Next up is the headquarters for the Navy’s Middle East operations, in Manama, Bahrain, a site the sea service describes as, “the busiest 60 acres in the world.” While Naval Support Activity Bahrain, as it’s formally known, isn’t necessarily bustling with as many large ships as Jebel Ali, it serves as the nerve center for the U.S. Fifth Fleet and a variety of U.S. and international task forces that do everything from protecting Iraq’s oil platforms to hunting pirates off the Somali coast. It’s also the home port of numerous U.S. Navy minesweepers and patrol boats, while bigger Navy ships often pull into Bahrain’s extensive repair and resupply facilities that sit just across the harbor from the base.
Much as Jebel Ali does for the Navy, the UAE air force’s Al Dhafra Air Base serves as a major hub for U.S. and allied jets. American KC-10 and KC-135 aerial refueling tankers, E-3 Sentry AWACS jets, U-2 spy planes, and even F-22 Raptors regularly deploy there. The base is also home to the Gulf Air Warfare Center, a facility that brings together the air forces of the GCC states, the U.S. Air Force, and other nations for air combat exercises. Al Dhafra is also rumored to be a potential home for U.S.-made high-altitude missile defense systems.
Perhaps more important than Al Dhafra is the American base at al Udeid, Qatar, U.S. Central Command’s hub for allied forces in the region, as well as host to a number of bombers, cargo planes, tankers, and spy jets. Again, a Google Earth overview reveals B-1 heavy bombers, KC-135 tankers, RC-135 Rivet Joint signals intelligence collection planes, E-8 Joint STARS ground-scanning radar jets, C-130 tactical airlifters, P-3 Orion submarine hunters, an EP-3 Aries signals intelligence plane, a C-5 Galaxy airlifter, and C-17 airlifters on the ramp there.
Meanwhile, Camp Arifjan in Kuwait has served as the regional depot for U.S. military ground vehicles in the Gulf, most recently thousands of tanks, trucks, MRAPS, and other armored vehicles departing Iraq. Camp Arifjan is closely linked with the Kuwaiti port of Shuaiba, where the ground vehicles are loaded and unloaded from cargo ships. The Air Force maintains a wing of C-130 Hercules tactical airlifters at Ali al Salem Air Base in Kuwait.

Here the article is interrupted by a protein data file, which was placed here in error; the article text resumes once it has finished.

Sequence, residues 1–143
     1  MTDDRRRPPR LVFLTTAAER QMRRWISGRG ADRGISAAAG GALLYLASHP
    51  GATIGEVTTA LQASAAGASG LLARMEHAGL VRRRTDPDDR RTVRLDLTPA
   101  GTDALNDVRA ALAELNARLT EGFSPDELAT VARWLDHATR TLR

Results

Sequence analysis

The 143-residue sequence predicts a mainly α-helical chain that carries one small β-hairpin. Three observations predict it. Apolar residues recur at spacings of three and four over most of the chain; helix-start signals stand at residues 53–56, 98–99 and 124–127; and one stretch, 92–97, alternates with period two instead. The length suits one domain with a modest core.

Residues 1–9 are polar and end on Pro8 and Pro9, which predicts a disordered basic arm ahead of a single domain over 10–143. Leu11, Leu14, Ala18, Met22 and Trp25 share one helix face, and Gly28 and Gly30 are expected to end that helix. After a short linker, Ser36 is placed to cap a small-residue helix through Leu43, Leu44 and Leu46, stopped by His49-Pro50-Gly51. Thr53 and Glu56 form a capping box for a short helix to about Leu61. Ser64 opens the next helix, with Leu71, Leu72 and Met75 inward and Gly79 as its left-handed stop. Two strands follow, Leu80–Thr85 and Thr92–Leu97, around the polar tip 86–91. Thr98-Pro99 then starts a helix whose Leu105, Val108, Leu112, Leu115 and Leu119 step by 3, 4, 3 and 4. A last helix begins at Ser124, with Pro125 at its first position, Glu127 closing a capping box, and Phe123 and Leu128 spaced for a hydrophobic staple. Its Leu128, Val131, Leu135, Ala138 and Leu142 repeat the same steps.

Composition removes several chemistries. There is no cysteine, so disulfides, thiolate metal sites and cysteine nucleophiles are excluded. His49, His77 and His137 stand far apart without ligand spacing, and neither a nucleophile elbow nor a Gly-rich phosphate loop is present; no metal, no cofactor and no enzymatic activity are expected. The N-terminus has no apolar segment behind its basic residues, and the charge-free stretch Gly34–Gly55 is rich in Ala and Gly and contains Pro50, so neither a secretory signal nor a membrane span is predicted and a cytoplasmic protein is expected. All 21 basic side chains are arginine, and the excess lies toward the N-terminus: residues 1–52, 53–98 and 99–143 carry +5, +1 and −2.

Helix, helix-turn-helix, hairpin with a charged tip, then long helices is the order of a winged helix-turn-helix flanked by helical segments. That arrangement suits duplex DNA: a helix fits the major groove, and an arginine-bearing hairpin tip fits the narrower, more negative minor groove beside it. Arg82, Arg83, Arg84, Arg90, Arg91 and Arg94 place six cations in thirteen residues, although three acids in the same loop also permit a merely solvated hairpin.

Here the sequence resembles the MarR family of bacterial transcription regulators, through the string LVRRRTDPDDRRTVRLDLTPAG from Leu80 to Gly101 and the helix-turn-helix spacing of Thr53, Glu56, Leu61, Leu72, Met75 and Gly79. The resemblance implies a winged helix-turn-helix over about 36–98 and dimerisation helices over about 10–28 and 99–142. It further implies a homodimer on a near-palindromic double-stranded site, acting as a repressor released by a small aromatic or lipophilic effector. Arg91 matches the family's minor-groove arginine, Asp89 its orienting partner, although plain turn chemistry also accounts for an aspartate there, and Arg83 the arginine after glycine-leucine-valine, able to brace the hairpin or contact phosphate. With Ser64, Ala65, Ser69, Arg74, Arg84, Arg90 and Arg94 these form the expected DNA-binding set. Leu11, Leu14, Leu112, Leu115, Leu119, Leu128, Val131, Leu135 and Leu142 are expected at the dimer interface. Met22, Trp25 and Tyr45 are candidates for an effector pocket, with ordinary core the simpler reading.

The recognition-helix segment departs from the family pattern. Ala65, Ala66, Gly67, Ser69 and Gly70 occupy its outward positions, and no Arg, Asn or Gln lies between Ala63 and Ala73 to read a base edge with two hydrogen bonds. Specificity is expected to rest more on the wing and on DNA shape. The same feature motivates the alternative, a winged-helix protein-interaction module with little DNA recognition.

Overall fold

However, Pentagon planners have realized that the current make-up of its forces in the Gulf, which have been largely focused on supporting the wars in Iraq and Afghanistan, is not adequate for deterring Iran. Therefore, the Defense Department is rushing equipment to the region aimed at countering the Iranian threat.
The recent buildup of U.S. naval forces in the Gulf includes the 1970s-vintage USS Ponce, a transport that was converted this spring into a floating “lily pad” base for minesweeping operations (it can also accommodate special operations troops) and that arrived in the Gulf this month. Four additional Avenger class minesweepers arrived in the Gulf in late June, bringing the total in the region to eight. The Navy is also arming its anti-mine forces in the Gulf with Seafox mine-hunting undersea drones that can be launched from Avengers or MH-53 helicopters. The Defense Department also announced that the aircraft carrier USS John C. Stennis will leave for the Gulf in December, four months ahead of schedule, in order to maintain the presence of two aircraft carriers and their strike groups in the region through next year.